19 September 2018

A Day at Christ Church in Old City, Philadelphia

I'm taking a course on Colonial history this semester of college, and my first assignment was to visit and write about a Colonial site. Luckily I live fairly close to Philadelphia, so I had plenty of potential places to pick from! Old City seemed a natural neighborhood on which to narrow my focus, since as the name suggests it's the oldest section of Philadelphia. Because the course ends prior to the American Revolution, I eliminated the sites of Independence Mall in favor of somewhere a bit older, and landed on Christ Church.

Christ Church was originally built in 1695, though the present building dates from 1744. It has remained an active church throughout its entire history, but it's open every day of the week for guided or self-guided tours. When my dad (doing duty as field trip buddy) and I arrived there were only a handful of people in the church waiting for the tour to begin, so we explored the building and its grounds on our own for a little.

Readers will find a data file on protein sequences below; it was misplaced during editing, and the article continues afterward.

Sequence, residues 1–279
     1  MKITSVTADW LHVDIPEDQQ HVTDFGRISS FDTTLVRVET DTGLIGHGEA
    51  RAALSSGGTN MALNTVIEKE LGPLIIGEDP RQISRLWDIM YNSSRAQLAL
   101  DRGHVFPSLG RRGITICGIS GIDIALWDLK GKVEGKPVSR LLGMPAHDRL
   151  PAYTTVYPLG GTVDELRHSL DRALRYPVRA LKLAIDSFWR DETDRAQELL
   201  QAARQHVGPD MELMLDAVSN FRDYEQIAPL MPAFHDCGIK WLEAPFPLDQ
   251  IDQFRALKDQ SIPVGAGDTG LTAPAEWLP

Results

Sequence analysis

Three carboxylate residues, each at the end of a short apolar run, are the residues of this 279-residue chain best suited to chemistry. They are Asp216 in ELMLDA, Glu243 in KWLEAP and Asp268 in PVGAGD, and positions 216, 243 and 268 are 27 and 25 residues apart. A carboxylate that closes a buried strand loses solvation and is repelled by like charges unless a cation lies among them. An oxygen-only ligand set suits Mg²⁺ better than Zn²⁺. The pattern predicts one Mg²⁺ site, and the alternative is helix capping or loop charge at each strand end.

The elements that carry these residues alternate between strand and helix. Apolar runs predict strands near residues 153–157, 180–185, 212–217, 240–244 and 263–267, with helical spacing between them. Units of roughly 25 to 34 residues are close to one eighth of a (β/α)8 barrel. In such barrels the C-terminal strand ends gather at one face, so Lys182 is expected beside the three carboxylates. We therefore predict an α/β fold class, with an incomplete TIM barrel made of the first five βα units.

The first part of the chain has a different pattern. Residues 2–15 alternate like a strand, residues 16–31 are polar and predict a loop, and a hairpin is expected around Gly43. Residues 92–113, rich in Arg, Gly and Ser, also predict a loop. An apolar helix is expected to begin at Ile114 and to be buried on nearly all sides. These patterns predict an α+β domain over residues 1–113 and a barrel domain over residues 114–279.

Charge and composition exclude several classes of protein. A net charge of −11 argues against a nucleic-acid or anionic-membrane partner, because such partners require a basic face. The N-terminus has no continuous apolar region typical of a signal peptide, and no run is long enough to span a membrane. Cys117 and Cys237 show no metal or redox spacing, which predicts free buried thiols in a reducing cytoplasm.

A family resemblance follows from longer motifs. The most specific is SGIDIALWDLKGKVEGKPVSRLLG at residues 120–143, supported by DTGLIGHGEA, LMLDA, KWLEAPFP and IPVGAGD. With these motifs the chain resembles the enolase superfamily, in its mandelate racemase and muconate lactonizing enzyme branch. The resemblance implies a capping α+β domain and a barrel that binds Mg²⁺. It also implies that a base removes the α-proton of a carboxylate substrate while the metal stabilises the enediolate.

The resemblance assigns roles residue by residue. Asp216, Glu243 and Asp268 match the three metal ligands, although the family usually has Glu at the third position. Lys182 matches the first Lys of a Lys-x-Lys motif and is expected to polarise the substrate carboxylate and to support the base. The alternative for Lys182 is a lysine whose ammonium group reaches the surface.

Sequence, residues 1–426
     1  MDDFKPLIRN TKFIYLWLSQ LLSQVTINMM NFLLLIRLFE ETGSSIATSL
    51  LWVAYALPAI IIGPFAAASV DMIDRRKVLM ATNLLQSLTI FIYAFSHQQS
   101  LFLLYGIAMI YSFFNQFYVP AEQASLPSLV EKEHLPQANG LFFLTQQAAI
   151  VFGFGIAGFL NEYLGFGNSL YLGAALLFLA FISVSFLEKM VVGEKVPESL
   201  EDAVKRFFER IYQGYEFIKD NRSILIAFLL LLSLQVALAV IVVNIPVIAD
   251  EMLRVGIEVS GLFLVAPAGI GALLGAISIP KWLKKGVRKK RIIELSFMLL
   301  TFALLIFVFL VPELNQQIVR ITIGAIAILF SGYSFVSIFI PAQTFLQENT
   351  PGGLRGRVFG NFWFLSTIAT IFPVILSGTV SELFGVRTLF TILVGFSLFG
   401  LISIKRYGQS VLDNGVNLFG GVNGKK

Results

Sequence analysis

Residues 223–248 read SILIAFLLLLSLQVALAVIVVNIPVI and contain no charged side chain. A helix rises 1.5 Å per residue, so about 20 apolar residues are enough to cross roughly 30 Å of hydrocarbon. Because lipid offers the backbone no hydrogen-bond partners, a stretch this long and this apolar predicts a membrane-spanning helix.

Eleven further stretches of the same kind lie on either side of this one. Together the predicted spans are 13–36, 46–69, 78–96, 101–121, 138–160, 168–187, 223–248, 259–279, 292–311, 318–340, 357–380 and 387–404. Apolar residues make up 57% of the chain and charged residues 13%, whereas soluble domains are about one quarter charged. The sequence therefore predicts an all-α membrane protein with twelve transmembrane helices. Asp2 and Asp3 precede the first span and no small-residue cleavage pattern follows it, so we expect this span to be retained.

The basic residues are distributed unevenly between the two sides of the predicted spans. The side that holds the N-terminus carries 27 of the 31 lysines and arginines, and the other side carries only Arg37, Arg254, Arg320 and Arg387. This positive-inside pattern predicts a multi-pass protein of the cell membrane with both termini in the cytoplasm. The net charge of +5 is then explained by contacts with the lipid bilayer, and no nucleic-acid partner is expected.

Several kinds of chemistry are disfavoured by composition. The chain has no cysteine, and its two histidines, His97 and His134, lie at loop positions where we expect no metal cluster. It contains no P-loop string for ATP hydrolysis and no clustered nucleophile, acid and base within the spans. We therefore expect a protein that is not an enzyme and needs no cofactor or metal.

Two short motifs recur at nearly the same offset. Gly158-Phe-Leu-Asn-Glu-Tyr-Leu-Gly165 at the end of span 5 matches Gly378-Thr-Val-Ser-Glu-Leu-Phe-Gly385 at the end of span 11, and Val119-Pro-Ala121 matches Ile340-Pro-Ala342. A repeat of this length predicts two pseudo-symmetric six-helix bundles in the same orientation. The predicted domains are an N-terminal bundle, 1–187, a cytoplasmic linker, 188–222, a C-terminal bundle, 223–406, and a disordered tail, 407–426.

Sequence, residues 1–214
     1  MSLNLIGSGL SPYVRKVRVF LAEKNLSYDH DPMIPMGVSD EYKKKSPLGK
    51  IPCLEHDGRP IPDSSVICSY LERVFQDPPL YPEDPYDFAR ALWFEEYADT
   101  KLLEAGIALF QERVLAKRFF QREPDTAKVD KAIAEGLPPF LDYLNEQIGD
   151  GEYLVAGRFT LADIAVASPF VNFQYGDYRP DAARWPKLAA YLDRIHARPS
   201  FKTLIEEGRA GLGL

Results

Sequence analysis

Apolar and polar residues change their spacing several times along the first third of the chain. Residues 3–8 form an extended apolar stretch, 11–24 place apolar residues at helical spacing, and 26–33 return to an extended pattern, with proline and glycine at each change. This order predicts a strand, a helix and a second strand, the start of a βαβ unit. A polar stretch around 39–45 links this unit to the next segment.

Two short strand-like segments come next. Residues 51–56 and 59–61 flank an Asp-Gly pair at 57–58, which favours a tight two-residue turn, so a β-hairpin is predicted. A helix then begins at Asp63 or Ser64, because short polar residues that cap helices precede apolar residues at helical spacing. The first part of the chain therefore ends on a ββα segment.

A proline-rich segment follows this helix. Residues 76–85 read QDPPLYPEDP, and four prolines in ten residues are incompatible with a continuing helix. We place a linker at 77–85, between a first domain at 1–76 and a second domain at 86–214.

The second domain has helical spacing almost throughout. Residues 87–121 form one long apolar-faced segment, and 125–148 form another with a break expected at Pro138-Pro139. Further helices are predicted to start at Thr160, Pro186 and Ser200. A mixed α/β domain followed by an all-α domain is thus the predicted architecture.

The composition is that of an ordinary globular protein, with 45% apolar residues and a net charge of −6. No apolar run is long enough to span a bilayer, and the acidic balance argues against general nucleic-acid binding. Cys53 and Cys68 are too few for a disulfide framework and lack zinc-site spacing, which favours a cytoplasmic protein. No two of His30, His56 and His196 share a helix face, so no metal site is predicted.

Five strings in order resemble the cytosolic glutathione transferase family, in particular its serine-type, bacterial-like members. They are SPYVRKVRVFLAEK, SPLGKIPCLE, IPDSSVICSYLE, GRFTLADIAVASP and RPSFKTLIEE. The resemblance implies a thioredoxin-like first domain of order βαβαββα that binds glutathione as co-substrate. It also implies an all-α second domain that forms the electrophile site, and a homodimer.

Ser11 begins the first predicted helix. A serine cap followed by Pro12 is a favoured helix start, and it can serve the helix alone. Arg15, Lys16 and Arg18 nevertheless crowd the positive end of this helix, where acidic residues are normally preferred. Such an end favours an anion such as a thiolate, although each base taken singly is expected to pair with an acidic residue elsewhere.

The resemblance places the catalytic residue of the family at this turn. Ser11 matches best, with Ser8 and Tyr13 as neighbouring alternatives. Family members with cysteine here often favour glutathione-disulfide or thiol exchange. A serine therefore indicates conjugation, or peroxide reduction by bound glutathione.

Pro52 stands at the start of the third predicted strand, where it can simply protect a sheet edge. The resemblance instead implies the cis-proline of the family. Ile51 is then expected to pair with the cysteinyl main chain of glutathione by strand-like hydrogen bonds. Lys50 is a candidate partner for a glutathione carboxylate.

Like many buildings in Old City, the church is built of red brick and enclosed by a wrought iron fence. We entered the grounds through a gate on Second Street and walked along the enclosed area parallel to Church Street, where several graves are scattered along the pavement and marked with stone slabs flush with the ground. There are more graves under the church itself, marked by engraved stones on the floor--our tour guide told us this wasn't uncommon for Anglican churches of the era.

The church has a row of beautiful Georgian windows along Church Street, and an enormous one facing Second Street behind the pulpit--all clear glass instead of stained to reflect the Enlightenment belief that the outside world posed no threat to the spiritual world, according to our tour guide. The windows and the pulpit date from the eighteenth century, but various other fixtures have been replaced over time, reflecting the longevity of the congregation. The pews were replaced in the nineteenth century, though the church map still marks where notable Founding Fathers would have sat.